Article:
Originally Posted by cruizin uncle bob
Thought maybe someone out there would have idea about a problem a friend of mine is having with his 41 Chevy. We built this car about 2 years ago, it had 350/350 eng/trans, he burned the engine up then changed it out with a 283. It was running a HEI distributor which went bad and we installed old OEM points distributor with Pertronix upgrade. Are running resistor type coil as suggested. The engine starts great, idles really good, but when you put in gear and try to accelerate it pops and falls on it's face, if you feather the throttle it will go but as soon as you get into it, it pops and goes dead. I suggested to him that vacuum advance could be the problem what do you all think. Plan on checking all the grounds to the chassis and engine. Engine timing has been checked and re-checked. Carb is new and I don't really think it is a fuel problem. Any suggestion is appreciated.
Check it to see that the vacuum advance is working like you said to begin with.
BTW, do all the initial and mechanical advance tuning w/the vacuum advance disconnected
and the line to the carb plugged. Once you're done tuning, hook the vacuum advance to manifold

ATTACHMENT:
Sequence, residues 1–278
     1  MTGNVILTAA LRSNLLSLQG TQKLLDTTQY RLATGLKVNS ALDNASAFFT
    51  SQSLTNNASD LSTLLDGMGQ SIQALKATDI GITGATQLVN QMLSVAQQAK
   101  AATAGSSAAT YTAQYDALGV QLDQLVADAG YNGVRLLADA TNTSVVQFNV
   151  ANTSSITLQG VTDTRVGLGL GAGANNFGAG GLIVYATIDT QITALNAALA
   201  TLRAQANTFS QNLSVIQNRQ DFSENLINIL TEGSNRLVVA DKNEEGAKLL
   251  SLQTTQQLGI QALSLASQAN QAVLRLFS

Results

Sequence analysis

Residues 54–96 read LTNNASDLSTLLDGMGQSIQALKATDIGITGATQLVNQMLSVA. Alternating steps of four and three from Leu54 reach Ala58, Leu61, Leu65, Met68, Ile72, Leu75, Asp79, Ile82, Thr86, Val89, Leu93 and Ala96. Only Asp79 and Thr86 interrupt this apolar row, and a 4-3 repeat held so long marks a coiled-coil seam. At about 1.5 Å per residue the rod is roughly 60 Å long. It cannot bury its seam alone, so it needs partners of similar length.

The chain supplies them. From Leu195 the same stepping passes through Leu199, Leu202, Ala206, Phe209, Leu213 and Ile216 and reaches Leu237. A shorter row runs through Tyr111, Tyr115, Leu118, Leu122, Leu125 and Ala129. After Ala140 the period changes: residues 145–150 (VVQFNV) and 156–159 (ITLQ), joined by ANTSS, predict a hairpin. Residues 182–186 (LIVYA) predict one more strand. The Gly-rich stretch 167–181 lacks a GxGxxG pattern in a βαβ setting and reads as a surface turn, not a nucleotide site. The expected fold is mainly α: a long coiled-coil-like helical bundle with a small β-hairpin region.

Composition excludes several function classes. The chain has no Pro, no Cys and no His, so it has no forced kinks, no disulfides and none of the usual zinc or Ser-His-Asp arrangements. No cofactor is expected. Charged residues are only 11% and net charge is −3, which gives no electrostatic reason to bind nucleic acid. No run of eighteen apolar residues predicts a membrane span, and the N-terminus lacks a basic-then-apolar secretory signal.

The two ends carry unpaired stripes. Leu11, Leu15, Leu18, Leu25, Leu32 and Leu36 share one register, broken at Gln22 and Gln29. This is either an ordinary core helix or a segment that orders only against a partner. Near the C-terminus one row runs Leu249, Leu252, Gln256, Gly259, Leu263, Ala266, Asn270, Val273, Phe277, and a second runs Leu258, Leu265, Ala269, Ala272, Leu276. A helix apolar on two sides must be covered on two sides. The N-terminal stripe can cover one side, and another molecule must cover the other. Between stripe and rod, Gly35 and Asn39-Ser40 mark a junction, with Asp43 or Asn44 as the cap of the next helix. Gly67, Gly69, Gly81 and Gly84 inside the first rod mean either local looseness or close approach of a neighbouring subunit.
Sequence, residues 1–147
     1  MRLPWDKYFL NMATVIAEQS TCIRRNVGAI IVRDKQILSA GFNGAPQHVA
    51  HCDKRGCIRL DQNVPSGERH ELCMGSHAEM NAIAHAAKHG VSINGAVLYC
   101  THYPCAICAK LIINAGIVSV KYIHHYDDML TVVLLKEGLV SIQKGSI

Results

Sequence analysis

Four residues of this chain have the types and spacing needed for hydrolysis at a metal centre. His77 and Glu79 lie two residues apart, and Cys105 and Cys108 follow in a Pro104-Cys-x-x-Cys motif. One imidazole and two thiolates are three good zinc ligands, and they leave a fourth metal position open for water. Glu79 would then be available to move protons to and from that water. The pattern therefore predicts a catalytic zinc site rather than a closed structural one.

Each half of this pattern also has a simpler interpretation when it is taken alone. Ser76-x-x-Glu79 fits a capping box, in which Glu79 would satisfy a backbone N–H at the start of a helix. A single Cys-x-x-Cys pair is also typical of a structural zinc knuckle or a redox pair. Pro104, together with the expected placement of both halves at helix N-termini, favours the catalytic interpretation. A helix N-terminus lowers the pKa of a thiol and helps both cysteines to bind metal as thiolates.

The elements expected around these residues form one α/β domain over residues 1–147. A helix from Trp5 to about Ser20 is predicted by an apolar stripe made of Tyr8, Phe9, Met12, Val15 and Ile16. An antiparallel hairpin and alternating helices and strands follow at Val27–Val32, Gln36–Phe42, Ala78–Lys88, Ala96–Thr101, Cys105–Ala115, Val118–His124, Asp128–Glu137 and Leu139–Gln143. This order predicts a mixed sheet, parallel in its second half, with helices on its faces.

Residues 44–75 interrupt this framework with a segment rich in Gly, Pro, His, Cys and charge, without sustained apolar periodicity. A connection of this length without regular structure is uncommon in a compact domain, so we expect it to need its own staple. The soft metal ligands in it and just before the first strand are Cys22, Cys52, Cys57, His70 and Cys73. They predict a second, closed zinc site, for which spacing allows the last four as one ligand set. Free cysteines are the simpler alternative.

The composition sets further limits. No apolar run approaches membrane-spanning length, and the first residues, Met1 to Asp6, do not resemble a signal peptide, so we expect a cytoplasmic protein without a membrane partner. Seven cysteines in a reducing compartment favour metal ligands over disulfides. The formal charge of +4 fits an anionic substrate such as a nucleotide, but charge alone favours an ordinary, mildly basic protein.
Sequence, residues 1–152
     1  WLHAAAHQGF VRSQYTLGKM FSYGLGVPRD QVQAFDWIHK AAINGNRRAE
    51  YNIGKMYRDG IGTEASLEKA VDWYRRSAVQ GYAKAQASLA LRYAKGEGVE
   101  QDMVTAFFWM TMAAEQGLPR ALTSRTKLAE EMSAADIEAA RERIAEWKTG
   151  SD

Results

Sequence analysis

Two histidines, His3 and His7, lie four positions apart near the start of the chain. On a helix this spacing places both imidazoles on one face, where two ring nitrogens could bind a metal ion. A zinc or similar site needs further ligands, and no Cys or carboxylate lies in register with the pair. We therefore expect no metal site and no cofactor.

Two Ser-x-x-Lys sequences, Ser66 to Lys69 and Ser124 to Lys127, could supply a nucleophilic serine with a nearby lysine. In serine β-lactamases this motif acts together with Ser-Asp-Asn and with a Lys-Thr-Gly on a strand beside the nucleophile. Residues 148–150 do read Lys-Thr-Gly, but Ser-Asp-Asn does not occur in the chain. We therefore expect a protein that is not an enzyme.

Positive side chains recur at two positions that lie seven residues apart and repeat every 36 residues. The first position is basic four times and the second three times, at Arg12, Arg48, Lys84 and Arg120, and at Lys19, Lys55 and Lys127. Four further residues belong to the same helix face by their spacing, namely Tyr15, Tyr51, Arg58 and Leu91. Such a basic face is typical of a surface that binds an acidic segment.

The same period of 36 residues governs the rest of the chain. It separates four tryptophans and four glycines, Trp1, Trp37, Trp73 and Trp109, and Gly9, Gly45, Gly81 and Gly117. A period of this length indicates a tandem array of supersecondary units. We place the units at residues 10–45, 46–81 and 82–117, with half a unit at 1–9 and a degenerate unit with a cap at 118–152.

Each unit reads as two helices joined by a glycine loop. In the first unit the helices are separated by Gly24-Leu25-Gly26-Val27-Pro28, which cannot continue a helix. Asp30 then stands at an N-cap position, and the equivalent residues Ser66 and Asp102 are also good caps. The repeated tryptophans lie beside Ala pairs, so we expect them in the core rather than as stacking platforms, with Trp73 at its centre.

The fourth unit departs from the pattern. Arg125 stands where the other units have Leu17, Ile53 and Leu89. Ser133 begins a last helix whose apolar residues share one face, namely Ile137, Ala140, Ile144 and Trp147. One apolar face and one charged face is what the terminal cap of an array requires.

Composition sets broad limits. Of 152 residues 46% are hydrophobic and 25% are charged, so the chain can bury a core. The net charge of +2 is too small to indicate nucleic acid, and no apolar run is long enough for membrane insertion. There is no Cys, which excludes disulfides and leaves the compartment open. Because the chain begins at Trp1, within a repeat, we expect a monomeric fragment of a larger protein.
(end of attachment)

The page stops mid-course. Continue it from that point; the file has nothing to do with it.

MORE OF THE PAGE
vacuum (aka full time
Verify the timing marks are showing TDC.
Most vacuum advance cans give too much advance; you really only want about 12-14 degrees w/a mild cam and "normal" compression ratio. To limit the total amount of vacuum advance you will need to physically limit the vacuum advance can's travel w/a vacuum advance limiter plate like the Crane p/n 99619-1
. This part also fits the points-type distributor. Or you can make one.
Then use a timing light to see that the mechanical advance is working as it should. If you don't have a dial back light, you can make a timing tape
to see what the total timing is.
I would give it more timing if you're at or below 6-8 degrees BTDC (like has been mentioned already). You use more timing for a bigger than stock cam.
Be sure the total (mech. plus initial timing, no vacuum advance included) isn't higher than about 36 degrees BTDC (stock heads), and that the mechanical advance is all in by 3000 rpm or less.
More info on setting up a performance timing curve is here
. Balance the initial plus mechanical advance figures as needed. As an example, if you use 10 degrees initial, you'd use 26 degrees mechanical (36 total
is the target, minus 10 degrees coming from initial = 26 degrees mechanical). 15 initial gets 21 mechanical, et cetera.